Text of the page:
View synonyms for virtual


[ vur-choo-uhl ]


  1. being as specified in power, force, or effect, though not actually or expressly such:

    One of the VPs was the virtual CEO of the company.

  2. Optics.
    1. (of an image, such as one in a mirror) formed by the apparent convergence of rays that are prolonged geometrically, but not actually ( real ).
    2. being a focus of a system forming such images.
  3. Digital Technology. real, but existing, seen, or happening online or on a digital screen, rather than in person or in the physical world:

    You can take a virtual tour of the museum before your visit.

    How do I become a virtual personal trainer?

    Some students struggle with virtual learning and need the support of a physical classroom.

  4. Computers.
    1. (of a computer, data storage device, operating system, etc.) simulated or extended by software, sometimes temporarily, in such a way as to function and appear to the user as a physical entity:

      You can create a virtual disk in RAM, or virtual storage on a hard disk.

    2. relating or belonging to virtual reality:

      The headset and controller allow users to do things like draw images and wave wands in the virtual world.

      Your swing determines the path of the ball and where it lands on the virtual golf course, just as if it were played on a real one.


/ ˈvɜːtʃʊəl /


  1. having the essence or effect but not the appearance or form of

    a virtual revolution

  2. physics being, relating to, or involving a virtual image

    a virtual focus

  3. computing of or relating to virtual storage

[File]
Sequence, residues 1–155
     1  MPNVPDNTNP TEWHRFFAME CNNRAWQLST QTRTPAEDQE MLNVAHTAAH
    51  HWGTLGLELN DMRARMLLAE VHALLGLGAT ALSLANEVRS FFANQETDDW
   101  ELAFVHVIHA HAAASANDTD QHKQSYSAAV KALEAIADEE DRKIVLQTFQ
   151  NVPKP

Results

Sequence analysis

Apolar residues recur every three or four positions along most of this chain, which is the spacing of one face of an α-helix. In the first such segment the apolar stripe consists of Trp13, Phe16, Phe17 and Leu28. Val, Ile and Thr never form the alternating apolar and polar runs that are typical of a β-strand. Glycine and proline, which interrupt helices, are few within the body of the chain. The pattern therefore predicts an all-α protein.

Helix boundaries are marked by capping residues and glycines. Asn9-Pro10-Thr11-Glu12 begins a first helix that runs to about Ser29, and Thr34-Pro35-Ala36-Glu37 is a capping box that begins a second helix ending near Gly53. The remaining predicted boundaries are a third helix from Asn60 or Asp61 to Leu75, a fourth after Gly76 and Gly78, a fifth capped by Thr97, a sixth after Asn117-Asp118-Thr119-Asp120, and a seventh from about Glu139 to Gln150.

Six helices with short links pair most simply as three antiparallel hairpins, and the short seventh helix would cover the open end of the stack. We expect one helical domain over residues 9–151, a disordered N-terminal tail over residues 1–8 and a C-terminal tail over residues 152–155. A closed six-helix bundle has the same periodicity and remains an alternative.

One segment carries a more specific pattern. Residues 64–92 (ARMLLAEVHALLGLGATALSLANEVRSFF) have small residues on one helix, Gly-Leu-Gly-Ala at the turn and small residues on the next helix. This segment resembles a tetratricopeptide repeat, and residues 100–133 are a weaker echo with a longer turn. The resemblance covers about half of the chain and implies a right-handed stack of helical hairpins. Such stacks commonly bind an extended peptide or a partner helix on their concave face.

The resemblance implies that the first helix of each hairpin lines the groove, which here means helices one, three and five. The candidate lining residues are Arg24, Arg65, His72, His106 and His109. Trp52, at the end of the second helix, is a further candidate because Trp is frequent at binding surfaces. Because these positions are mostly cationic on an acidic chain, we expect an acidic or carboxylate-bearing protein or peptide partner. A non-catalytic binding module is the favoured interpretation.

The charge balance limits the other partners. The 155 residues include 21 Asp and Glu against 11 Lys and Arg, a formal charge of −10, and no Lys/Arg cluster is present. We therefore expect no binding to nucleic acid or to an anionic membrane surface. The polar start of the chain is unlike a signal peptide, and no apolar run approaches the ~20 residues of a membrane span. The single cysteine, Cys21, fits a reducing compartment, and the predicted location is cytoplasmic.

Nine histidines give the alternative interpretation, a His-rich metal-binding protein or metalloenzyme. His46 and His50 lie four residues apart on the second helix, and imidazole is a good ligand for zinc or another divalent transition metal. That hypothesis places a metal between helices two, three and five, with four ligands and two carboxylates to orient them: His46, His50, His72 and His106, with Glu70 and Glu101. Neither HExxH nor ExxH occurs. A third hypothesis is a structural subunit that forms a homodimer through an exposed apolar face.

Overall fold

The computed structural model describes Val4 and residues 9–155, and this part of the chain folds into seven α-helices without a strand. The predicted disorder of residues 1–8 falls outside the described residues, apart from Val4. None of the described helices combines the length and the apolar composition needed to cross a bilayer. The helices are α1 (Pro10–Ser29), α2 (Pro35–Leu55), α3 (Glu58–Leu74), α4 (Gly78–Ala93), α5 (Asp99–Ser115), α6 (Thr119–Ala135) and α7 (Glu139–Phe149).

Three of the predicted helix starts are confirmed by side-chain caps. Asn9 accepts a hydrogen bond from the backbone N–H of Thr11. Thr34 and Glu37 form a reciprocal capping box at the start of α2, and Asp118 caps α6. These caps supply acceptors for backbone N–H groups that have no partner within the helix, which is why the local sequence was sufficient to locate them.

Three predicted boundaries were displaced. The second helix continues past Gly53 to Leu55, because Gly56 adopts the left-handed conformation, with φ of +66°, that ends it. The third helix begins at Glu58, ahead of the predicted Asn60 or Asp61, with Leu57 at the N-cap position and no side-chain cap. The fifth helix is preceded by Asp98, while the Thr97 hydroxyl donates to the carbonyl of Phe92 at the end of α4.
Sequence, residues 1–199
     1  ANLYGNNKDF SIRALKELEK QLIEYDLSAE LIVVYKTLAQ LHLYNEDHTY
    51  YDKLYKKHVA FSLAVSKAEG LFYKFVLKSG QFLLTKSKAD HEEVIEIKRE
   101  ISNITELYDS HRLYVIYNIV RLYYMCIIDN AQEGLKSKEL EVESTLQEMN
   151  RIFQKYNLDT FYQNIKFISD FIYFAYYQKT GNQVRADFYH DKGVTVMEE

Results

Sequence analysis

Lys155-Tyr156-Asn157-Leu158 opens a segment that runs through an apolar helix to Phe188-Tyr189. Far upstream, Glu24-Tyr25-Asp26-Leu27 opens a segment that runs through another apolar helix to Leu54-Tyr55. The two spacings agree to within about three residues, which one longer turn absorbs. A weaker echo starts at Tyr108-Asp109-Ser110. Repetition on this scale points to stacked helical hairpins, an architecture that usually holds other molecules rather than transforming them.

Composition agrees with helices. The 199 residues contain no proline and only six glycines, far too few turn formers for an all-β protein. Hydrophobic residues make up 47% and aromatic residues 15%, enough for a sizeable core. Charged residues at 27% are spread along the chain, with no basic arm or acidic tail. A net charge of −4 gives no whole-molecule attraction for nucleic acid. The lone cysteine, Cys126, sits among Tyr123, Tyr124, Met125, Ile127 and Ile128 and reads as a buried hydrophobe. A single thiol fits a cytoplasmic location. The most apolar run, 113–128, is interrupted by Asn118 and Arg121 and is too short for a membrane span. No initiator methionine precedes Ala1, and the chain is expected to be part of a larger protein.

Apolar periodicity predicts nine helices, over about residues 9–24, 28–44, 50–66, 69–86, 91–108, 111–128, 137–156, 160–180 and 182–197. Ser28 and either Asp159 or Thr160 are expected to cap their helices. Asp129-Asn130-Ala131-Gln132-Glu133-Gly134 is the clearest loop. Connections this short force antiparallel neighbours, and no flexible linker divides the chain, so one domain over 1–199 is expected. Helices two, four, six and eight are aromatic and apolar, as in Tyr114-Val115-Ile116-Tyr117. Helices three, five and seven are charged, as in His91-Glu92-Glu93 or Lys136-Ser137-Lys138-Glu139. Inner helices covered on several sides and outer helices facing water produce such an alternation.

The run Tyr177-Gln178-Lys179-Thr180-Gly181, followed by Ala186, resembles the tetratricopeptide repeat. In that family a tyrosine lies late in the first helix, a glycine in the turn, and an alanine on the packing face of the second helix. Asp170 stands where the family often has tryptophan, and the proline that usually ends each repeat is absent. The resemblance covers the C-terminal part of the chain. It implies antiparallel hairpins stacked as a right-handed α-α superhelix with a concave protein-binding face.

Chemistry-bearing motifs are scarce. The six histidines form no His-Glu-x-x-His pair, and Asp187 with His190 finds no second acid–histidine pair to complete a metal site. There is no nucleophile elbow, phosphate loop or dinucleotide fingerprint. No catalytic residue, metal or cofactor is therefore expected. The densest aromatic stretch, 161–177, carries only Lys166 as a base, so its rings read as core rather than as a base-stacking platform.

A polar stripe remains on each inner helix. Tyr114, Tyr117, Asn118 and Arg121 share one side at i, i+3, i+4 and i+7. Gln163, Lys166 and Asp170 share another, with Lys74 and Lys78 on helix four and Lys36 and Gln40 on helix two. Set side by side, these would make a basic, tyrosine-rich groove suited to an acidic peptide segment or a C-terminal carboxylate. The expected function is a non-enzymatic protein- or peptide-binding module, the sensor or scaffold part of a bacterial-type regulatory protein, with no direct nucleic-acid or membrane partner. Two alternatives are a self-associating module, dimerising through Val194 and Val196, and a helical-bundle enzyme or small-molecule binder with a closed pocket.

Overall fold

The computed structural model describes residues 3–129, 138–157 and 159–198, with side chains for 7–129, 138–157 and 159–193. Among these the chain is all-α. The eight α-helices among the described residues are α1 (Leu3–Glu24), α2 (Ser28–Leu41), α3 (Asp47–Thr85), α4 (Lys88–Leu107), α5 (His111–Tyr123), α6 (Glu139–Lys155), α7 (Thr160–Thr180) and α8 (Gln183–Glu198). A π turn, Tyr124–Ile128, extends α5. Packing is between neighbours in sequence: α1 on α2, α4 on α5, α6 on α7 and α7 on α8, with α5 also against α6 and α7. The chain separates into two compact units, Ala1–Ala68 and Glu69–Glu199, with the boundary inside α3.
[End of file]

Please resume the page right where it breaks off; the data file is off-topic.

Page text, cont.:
virtual memory

  4. of or relating to a computer technique by which a person, wearing a headset or mask, has the experience of being in an environment created by the computer, and of interacting with and causing changes in it
  5. rare.
    capable of producing an effect through inherent power or virtue
  6. physics designating or relating to a particle exchanged between other particles that are interacting by a field of force See also exchange force

    a virtual photon

“Collins English Dictionary — Complete & Unabridged” 2012 Digital Edition © William Collins Sons & Co. Ltd. 1979, 1986 © HarperCollins Publishers 1998, 2000, 2003, 2005, 2006, 2007, 2009, 2012

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Other Words From

  • vir·tu·al·i·ty [vur-choo-, al, -i-tee], noun
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Word History and Origins

Origin of virtual1

First recorded in 1350–1400; Middle English, from Medieval Latin virtuālis, from Latin virtu(s) “maleness, worth” ( virtue ) + -ālis -al 1
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Word History and Origins

Origin of virtual1

C14: from Medieval Latin virtuālis effective, from Latin virtūs virtue
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Example Sentences

Biden’s schedule on Thursday also includes a call with Senate Democrats and a virtual Rosh Hashanah event.

When Alchemist Accelerator shifted its Demo Day to virtual earlier this year, Alchemist director and founder Ravi Belani told me it was a move he expected the team to stick with for some time.

Close out Disrupt on Friday with a live, virtual Cocktail Party on Run the World.

Explore and connect with more than 40 early-stage mobility startups exhibiting in our virtual expo.

Over the summer, the financial services company ran Fidelity Kids Camp, five weeks of virtual full-day summer activities for employees’ kids.

From Fortune

Amnesty International and Reporters Without Borders cannot be accessed without a virtual private network.

Just download the Virtual Joey App and you are ready to stream DISH service right to that screen.

Their new Virtual Joey app turns your existing PlayStation 3—and soon PS4—into its very own DVR.

The user is then transported into a 360-degree virtual world.

In a virtual world, it revives the relevance of authenticity.

Indeed, individual cases show a virtual lack of self-reliance.